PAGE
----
self-identity

Self-Identity – Where did I go?

Being a brand-new (or second-time or third-time…) parent is hard. All of a sudden we need to get to know a tiny new person and try to work out exactly what they need and want. Add in sleepless nights and post-delivery physiological changes, and it is very easy to become consumed by the process – to become only ‘mother’, with all other roles and personal identities dropping away. No wonder it is easy to feel sad or anxious or lost or struggle with post-natal self-identity.

Will I ever be ‘me’ again?

Being a new parent and feelings of identity loss can, unfortunately, go hand in hand, and there will be parts of your ‘old self’, pre-baby, that you may mourn and let go.

* Remember: These feelings of loss are normal. Having a baby can indeed mean massive changes to your life and to some of your markers of self-identity – your professional life, your time for leisure activities, your confidence in your appearance – BUT, these feelings don’t mean that you don’t love your baby or that you’re not doing a good job.

Dancing until two in the morning may, indeed, be a thing of the past, but your internal identity, those things that make you uniquely you – personality, character, values – are still there at your core, waiting to unfurl with a little time and patience and connection to others.

How can I regain my sense of self?

It takes time to get used to your new identity as a parent. Imagine your pre-baby identity as that perfect T-shirt – the one that fits you so well you hardly know you’re wearing it. Having a baby is like adding a new jacket to the outfit – it’s going to look great, but it’s going to take a while to get used to the way you look at yourself in the mirror. Positive ways to reclaim your sense of self-identity – to wear that outfit with pride – include:

Self-care Make time for yourself. Yes, in the beginning, this may just mean getting showered and dressed and eating a nutritious meal. As time goes on self-care will involve doing things that aren’t baby-centric, that remind you of what you love – exercise, reading, gardening, meditation – whatever it is, set time aside. Which leads to…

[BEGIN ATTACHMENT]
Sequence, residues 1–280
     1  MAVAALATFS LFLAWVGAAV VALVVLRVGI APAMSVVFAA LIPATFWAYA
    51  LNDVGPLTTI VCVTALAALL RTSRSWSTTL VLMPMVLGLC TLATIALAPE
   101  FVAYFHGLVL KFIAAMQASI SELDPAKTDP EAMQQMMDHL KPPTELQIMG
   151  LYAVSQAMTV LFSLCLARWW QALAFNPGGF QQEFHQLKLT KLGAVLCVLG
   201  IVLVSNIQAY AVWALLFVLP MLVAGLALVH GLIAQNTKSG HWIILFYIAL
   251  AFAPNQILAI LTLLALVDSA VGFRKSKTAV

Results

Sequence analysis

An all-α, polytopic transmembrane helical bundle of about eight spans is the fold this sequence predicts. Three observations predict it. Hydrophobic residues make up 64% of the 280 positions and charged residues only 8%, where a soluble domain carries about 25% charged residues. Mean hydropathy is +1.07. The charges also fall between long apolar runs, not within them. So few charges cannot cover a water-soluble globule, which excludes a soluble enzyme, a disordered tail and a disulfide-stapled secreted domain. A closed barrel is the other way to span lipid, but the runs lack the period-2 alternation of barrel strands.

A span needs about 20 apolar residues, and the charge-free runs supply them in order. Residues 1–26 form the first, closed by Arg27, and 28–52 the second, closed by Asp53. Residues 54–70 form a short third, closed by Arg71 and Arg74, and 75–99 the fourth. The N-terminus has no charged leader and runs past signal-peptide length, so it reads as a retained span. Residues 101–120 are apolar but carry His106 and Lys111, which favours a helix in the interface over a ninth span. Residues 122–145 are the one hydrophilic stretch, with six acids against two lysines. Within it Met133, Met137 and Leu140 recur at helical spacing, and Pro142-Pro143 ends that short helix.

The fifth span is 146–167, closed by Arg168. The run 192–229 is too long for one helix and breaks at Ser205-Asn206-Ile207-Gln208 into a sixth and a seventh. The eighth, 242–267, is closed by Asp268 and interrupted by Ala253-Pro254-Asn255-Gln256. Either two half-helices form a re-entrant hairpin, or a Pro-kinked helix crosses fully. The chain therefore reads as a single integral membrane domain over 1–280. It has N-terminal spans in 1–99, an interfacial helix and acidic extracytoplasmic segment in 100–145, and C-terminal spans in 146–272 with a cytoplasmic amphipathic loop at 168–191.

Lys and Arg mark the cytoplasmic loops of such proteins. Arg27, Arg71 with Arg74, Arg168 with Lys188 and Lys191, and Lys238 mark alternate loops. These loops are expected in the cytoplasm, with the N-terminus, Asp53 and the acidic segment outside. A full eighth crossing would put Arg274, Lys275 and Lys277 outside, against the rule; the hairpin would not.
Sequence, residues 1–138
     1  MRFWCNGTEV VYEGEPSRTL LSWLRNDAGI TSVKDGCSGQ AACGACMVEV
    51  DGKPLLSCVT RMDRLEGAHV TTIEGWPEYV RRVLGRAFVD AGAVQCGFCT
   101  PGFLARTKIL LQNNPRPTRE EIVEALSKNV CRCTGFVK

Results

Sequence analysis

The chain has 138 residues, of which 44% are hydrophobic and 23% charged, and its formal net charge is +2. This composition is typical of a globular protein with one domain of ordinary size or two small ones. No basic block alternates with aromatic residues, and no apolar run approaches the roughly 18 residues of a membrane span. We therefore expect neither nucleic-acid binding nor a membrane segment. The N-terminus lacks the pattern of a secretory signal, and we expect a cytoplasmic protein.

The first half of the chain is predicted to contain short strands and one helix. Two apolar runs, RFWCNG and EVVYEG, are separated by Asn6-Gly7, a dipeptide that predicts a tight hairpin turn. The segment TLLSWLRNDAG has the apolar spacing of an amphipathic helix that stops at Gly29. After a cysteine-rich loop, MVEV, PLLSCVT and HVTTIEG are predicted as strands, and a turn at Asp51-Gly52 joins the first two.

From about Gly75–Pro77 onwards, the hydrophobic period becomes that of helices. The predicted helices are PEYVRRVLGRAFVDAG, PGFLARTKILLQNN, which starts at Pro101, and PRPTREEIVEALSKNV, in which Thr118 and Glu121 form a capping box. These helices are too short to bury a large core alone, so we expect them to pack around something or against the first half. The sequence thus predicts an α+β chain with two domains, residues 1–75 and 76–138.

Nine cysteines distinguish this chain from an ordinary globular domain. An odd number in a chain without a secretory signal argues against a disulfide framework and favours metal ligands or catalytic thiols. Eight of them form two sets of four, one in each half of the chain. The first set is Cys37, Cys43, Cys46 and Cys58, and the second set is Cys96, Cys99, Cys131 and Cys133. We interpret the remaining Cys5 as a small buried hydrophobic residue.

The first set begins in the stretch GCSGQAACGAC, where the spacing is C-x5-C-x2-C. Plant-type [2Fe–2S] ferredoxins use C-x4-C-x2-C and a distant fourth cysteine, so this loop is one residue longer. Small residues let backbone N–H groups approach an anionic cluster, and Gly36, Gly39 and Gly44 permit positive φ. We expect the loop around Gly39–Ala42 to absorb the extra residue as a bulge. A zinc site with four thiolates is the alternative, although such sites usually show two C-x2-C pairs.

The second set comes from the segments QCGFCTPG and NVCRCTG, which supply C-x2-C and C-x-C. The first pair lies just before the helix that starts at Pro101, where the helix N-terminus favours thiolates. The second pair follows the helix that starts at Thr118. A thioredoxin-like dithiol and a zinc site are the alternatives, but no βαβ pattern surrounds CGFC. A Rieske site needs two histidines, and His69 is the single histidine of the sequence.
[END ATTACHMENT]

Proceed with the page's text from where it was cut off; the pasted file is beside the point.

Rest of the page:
Community care Becoming a parent can be isolating, and it can seem like there is never any time for self-care. That’s where your support network comes in – your partner, family, friends, a doula, a new parent’s group. Reconnect with old friends and make new ones – and ask for help. Half an hour out of someone else’s day to watch bub or wash dishes may be a small thing for them, but a huge help for you.

Stop comparing yourself Parenting is a unique experience and every family is different. Try not to compare yourself with other parents – particularly those parents that are making it look beautiful and effortless via social media. Every parent has moments of indescribable doubt, but they are generally not the moments that get posted on Instagram.

Remember that identity is never fixed As well as not comparing yourself to others, you also don’t need to compare yourself to your former, pre-baby self. You’re not the same person that you were five years ago, nor are you going to be the same person five years from now. Self-identity is an ever-fluctuating thing and reconnecting with yourself as an individual will take time.

What if it feels like more than that?

It is not unusual to struggle with your emotions around your sense of self and identity when you’re a new parent. However, if your feelings about identity loss are not improving and they’re affecting your day-to-day well-being, this may be a sign that you need extra support. Postnatal depression and anxiety can start any time in the first year after giving birth and can affect dads and partners, as well as mums.

If you’re concerned that you or your partner have postnatal depression – reach out. It is important to remember that postnatal mental health issues are temporary and treatable.

With a focus on women’s mental health, the team at Happy Minds Psychology are experienced in supporting new parents through this sometimes substantial life transition. We can provide psychology and counselling services from the convenience of your own home with Telehealth or face to face in our Ocean Grove office. To book an appointment call us on 0431666050 or visit our website and we can work together to get your sense of self back on track.

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